30 Jan Costs at Issue When Supreme Court Award Falls Within Provincial Court Limits
In Henderson v. McGregor, 2019 BCSC 1964, the plaintiff’s face was injured as a result of a road rage incident involving the defendant. The plaintiff was awarded $34,980 in damages for the injuries he sustained as a result of the unprovoked assault.
Counsel for both parties anticipated the possibility that if the defendant was found liable, the total damage award might fall under the $35,000 monetary limit of the Provincial Court. Since it did, the issue of costs had to be addressed.
Rule 14-1(10) of the Supreme Court Civil Rules states that a plaintiff who recovers a sum within the jurisdiction of the Provincial Court under the Small Claims Act, is not entitled to costs, other than disbursements, unless there was sufficient reason for bringing the action in the Supreme Court. The courts have held that “sufficient reason” must be limited to the circumstances that were known to the plaintiff at the time the action was initiated.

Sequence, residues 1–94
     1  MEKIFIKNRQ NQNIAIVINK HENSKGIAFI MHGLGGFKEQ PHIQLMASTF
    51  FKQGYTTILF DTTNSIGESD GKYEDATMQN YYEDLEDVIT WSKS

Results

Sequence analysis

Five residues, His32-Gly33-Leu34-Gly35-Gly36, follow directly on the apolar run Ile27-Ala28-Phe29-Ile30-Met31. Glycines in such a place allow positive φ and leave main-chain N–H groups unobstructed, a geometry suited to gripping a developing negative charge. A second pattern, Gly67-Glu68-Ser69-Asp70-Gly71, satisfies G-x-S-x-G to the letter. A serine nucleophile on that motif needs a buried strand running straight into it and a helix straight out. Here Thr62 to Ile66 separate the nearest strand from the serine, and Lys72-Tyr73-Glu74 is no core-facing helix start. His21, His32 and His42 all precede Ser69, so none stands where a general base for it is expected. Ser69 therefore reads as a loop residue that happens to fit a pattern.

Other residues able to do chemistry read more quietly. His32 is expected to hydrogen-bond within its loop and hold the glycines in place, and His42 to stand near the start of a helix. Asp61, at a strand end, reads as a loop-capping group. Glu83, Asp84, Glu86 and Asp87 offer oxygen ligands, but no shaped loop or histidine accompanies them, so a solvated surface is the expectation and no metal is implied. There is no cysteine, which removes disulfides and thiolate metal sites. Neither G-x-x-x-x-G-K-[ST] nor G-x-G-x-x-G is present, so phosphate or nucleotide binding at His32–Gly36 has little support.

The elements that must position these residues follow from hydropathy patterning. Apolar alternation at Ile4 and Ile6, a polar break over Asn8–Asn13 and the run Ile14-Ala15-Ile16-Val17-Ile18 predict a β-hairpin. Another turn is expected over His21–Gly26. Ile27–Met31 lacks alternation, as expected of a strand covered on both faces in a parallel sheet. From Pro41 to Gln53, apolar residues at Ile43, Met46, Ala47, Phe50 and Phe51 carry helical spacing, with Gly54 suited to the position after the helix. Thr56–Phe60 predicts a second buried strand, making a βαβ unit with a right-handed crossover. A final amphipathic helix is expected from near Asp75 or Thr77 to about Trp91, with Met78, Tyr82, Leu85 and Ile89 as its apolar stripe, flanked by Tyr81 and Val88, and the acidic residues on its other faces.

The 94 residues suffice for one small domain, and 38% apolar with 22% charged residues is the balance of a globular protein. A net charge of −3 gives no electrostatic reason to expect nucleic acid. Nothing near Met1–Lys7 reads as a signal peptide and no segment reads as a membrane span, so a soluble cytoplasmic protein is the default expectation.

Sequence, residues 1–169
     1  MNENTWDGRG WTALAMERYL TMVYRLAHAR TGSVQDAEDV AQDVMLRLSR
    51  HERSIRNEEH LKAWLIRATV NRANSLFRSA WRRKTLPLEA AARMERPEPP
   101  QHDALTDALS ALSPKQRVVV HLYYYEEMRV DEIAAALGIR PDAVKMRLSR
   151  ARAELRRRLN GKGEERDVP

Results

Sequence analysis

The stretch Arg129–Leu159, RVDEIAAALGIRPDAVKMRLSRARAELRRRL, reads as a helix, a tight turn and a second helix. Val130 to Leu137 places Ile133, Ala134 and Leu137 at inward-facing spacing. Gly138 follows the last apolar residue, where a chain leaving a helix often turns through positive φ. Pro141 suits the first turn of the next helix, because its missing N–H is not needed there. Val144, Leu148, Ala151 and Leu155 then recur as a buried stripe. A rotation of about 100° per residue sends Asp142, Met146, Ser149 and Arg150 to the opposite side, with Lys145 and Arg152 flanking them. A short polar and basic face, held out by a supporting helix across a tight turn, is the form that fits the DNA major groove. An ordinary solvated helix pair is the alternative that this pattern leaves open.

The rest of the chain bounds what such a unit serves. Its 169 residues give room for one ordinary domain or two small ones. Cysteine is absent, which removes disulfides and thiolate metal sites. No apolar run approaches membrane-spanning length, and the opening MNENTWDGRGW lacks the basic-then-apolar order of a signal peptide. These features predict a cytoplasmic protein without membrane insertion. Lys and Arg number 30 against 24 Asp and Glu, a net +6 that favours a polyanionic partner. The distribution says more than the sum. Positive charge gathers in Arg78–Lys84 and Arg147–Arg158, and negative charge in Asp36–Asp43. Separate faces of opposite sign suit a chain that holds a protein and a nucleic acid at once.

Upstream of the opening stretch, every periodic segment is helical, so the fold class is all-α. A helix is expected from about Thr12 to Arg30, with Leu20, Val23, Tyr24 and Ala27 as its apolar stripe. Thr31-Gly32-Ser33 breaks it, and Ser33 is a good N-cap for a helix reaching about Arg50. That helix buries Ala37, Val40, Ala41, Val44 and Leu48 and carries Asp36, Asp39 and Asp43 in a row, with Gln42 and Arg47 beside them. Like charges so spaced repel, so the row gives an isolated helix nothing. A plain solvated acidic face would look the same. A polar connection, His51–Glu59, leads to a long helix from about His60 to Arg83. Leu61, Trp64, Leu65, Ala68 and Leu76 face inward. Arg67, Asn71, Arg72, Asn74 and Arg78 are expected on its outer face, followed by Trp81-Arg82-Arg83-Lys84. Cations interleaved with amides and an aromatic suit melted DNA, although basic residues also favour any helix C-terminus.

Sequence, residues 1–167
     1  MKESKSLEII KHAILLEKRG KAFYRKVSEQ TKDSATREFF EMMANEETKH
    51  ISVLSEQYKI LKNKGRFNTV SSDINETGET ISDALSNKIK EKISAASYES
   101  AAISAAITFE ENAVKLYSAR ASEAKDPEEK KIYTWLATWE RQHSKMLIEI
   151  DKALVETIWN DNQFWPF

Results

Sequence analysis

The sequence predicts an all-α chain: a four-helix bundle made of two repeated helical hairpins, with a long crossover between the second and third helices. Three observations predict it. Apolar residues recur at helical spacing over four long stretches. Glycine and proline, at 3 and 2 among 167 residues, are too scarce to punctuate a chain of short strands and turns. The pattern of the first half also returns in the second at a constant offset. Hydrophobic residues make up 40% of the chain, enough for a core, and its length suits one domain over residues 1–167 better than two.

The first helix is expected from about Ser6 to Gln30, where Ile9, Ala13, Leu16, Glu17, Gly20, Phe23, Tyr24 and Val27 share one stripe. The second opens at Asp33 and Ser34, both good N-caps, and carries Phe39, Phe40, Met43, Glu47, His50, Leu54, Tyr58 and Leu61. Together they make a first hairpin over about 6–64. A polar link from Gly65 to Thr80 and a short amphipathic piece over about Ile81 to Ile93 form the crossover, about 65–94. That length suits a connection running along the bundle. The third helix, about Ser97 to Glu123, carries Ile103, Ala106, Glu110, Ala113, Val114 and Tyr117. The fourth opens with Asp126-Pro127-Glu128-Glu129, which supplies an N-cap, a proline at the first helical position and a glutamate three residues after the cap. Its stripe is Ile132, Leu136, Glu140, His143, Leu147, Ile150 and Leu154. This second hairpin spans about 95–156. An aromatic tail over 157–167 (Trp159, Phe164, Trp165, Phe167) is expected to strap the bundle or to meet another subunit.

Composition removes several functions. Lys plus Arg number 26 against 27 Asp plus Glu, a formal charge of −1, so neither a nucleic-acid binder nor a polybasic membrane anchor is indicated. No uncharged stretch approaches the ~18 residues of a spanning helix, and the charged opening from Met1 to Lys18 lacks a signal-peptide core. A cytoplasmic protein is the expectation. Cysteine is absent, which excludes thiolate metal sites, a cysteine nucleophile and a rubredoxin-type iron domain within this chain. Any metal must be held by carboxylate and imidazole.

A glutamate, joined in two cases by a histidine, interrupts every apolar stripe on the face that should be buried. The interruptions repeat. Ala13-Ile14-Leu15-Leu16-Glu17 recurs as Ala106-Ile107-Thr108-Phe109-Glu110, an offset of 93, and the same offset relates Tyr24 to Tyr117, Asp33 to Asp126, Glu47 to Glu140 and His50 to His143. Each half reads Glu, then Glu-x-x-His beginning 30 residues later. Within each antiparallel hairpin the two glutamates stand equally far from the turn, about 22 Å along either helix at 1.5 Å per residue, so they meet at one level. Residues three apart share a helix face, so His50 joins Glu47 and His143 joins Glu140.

In this case, the judge was satisfied that when the action was commenced, the plaintiff did not know the quantum of the claim would be at or below $35,000, given the nature of his ongoing eye difficulties and anxiety. It was entirely likely the quantum would exceed that amount.
Quantum was not the only factor in the “sufficient reason” analysis. The need for representation and pre-trial procedures in light of the position taken by a defendant was also considered. In the case at bar, the fact that the plaintiff was represented by counsel who utilized examination for discovery to impeach the defendant’s evidence-in-chief also established sufficient reasons for him to bring the action in Supreme Court.
In conclusion, the judge was satisfied that the plaintiff had established a sufficient reason for bringing the action in the Supreme Court. Therefore, he was entitled to his costs.